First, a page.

Let me get a few things out of the way.
I’m a crazy fucking hippie. I go to Burning Man every year. I teach yoga. I live in a co-op. For the past two years I’ve been delivering organic vegetables for a local delivery service. I’ve been eating vegetarian for years, and vegan for the past four months.
I’m also fascinated by genetics. I read every book that comes my way on evolutionary theory, population genetics, and mapping the genome. I took several classes on the subject at the University of Pennsylvania. All told, I have a pretty solid understanding of how genes work.
And ultimately, I’m just not that scared of GMOs.
Now don’t get me wrong. I understand where my liberal friends are coming from. I share the same desire for a safe and healthy food supply. There’s a LOT that disturbs me about the state of food production and distribution in America.
I think Monsanto is evil, that patenting seeds and suing farmers is unethical, and that some GMO crops (like Roundup Ready Soybeans) lend themselves to irresponsible herbicide and pesticide use and cross-contamination.
But I’m also not going to let my anti-corporate sentiments get in the way of a diverse and promising field of research.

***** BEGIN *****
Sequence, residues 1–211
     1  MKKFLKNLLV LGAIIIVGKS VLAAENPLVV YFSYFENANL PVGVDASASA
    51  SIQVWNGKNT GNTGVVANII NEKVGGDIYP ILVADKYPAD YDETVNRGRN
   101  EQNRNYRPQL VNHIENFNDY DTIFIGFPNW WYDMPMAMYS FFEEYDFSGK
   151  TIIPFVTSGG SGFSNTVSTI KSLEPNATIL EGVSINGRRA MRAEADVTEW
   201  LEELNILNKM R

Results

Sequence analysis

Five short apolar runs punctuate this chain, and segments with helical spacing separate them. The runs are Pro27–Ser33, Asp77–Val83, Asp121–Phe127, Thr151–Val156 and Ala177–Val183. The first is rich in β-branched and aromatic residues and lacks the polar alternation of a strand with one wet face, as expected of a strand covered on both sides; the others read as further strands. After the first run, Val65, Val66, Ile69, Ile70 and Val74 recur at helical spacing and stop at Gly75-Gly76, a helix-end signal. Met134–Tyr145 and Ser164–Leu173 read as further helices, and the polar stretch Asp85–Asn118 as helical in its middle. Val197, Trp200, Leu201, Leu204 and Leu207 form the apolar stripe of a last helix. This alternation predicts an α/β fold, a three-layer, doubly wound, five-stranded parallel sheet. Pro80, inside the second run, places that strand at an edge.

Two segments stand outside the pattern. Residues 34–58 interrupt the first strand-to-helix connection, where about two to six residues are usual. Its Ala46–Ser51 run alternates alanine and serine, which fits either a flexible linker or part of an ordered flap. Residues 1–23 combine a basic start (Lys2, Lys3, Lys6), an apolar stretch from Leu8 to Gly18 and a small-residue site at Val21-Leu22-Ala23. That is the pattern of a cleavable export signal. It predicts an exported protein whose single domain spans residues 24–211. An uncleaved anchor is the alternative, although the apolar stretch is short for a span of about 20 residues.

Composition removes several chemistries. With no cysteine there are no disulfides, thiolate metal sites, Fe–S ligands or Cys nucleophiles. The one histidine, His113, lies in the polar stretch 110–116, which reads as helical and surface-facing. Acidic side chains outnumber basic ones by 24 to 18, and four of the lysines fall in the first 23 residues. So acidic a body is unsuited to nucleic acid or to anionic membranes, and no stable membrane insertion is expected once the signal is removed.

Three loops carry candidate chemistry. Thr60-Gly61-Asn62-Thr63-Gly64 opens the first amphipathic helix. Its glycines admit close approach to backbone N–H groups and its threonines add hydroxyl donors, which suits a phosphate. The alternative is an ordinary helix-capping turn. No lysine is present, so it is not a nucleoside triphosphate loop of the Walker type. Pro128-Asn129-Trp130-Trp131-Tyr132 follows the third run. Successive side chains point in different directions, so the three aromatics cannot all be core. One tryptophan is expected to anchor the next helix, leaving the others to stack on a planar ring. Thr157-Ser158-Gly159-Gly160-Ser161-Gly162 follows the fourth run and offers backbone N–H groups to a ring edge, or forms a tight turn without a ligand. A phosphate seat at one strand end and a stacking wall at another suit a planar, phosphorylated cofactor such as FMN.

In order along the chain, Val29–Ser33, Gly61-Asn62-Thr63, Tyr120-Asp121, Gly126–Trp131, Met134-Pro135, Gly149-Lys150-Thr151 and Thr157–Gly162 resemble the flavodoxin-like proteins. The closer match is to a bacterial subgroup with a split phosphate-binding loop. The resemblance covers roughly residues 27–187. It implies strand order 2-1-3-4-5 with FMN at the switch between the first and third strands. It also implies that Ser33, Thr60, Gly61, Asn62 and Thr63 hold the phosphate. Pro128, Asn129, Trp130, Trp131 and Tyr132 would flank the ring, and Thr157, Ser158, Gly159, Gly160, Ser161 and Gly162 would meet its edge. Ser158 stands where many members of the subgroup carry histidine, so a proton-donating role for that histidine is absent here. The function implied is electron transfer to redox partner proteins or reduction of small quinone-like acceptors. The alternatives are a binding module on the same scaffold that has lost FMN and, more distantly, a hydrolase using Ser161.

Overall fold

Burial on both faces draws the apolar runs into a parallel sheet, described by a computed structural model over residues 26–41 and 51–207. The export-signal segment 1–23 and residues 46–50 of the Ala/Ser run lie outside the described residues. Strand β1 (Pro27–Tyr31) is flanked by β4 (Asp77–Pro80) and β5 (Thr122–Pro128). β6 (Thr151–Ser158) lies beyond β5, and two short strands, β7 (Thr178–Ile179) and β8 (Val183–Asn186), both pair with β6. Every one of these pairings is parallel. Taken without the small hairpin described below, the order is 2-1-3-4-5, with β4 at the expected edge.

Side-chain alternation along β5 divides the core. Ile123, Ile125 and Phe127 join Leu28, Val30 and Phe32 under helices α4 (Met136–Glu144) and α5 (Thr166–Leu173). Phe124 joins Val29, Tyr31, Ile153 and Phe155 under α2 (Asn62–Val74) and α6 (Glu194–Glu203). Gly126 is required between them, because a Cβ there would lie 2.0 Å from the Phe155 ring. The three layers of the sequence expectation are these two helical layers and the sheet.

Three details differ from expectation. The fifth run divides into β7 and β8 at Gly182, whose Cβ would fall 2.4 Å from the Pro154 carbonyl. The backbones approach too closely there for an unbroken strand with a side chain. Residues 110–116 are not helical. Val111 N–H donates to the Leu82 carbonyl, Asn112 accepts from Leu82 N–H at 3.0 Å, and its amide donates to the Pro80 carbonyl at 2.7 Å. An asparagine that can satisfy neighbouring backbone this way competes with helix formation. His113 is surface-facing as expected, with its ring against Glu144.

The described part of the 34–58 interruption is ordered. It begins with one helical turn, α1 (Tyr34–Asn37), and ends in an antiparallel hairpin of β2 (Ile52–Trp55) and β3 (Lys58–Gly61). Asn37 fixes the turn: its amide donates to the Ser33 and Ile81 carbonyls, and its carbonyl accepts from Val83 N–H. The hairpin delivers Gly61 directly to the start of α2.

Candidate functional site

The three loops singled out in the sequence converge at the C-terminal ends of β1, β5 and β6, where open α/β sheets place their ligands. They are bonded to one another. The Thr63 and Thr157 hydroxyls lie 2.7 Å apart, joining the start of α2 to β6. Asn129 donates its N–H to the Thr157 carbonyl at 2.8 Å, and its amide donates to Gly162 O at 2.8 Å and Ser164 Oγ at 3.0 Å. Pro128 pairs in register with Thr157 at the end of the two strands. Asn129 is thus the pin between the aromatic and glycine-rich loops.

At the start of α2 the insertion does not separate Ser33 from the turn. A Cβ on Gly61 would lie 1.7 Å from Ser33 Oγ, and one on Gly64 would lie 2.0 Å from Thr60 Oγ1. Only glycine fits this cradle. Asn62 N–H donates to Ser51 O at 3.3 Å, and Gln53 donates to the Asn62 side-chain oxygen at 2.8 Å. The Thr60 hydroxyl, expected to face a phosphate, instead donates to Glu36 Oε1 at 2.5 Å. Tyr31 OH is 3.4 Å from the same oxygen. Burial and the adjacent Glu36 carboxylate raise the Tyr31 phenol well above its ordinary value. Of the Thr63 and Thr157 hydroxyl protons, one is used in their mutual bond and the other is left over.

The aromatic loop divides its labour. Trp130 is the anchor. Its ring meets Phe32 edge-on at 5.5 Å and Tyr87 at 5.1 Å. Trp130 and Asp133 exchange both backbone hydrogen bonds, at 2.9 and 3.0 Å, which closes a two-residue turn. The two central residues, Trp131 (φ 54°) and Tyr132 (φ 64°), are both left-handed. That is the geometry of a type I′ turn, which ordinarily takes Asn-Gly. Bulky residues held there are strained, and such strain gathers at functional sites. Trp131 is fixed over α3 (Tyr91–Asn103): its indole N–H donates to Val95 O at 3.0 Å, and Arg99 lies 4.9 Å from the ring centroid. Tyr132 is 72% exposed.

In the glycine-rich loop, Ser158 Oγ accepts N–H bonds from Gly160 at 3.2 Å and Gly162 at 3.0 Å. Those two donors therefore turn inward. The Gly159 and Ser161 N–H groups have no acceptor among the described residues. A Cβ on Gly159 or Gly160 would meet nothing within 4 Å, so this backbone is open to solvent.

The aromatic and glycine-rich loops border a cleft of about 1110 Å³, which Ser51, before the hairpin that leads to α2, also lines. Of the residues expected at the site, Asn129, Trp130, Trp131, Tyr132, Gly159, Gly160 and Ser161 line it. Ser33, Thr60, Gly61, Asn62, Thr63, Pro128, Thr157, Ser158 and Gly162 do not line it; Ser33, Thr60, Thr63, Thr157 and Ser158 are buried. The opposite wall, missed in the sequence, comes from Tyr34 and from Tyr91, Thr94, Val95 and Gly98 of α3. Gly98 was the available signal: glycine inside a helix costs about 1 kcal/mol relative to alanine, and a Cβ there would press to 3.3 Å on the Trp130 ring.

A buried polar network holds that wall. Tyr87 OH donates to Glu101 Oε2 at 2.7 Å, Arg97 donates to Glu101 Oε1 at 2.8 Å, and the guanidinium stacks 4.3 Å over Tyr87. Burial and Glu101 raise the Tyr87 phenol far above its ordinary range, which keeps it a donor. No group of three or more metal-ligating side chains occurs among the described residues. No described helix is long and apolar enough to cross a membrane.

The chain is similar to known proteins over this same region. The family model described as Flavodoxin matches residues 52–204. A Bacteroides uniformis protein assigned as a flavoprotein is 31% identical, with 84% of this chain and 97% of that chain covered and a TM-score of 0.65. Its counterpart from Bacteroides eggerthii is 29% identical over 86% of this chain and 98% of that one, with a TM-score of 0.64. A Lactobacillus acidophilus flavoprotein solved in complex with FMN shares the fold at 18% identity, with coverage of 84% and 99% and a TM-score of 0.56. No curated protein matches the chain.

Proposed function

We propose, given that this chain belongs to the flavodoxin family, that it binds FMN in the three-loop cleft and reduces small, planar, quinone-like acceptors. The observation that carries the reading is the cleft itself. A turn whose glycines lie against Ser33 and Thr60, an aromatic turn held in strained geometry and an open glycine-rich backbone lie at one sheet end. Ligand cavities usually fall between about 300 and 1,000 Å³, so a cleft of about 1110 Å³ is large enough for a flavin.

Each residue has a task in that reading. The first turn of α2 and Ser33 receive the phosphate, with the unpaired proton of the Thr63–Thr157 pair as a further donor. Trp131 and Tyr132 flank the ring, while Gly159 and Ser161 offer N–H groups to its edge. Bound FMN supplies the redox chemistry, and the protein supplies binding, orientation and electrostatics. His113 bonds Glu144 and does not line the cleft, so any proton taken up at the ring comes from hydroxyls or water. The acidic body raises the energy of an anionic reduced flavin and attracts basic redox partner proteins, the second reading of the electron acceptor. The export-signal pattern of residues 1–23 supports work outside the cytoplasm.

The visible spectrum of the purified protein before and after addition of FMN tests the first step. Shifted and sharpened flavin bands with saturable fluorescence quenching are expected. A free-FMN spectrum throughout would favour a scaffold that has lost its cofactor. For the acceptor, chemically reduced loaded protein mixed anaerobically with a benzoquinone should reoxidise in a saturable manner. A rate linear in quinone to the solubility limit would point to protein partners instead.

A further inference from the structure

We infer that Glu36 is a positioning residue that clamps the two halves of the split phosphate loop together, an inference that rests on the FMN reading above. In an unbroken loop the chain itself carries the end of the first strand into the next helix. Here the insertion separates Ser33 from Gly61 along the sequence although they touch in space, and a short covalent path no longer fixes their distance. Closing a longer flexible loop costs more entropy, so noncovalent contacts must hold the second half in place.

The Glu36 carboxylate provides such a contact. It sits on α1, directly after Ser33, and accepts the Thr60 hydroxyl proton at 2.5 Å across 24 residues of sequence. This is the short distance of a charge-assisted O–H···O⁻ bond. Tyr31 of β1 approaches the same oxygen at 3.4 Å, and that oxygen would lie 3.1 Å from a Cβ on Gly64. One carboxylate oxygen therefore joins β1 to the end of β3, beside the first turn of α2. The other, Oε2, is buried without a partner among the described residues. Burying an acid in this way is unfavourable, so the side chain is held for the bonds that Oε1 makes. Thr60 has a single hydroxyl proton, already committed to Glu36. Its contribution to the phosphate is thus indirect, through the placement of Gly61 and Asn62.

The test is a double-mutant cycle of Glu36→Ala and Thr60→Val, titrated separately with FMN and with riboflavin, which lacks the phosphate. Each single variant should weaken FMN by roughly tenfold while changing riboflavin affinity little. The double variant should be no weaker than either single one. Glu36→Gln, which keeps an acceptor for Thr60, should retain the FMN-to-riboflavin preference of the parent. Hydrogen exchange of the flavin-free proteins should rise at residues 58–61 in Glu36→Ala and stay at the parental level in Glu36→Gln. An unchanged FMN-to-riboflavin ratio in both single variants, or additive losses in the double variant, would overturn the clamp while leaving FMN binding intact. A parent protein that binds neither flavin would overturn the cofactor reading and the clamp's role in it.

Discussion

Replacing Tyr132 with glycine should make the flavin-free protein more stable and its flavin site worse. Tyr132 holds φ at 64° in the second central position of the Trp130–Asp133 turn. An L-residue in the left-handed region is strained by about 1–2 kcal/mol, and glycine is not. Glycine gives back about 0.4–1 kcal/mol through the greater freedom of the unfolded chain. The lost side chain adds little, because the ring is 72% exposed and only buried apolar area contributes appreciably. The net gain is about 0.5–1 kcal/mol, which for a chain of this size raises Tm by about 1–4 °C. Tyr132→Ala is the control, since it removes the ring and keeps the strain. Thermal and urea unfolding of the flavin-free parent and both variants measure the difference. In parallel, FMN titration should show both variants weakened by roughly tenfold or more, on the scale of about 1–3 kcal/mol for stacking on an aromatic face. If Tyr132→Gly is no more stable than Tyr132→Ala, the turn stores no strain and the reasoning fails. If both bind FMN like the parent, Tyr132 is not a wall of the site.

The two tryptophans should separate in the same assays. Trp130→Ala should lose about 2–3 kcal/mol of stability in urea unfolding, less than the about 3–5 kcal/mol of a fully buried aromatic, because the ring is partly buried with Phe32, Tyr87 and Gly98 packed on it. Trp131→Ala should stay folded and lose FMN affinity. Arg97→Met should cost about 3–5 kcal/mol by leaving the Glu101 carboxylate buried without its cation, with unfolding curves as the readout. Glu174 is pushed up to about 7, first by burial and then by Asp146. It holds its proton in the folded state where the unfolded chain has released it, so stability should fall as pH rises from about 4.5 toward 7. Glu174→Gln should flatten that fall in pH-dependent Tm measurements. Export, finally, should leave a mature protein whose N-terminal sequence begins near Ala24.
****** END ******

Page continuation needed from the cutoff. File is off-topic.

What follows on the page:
When genetic engineering is used to decrease pesticide use, to add nutrients to crops in malnourished countries, and otherwise improve the quality of our food products, then it’s a valuable tool that can contribute to a safe and healthy food supply.
I want to address three points that are often brought up by anti-GMO advocates that are either simply untrue, or a lot more nuanced than we’ve been led to believe.
1. GMOs create more “unnatural” mutations than traditional breeding methods.
Genetic manipulation is nothing new. Humans have been breeding plants and animals for thousands of years. Many of our staple crops (wheat, corn, soy), would not exist without human intervention. The same goes for domesticated farm species…
[continues at Medium]
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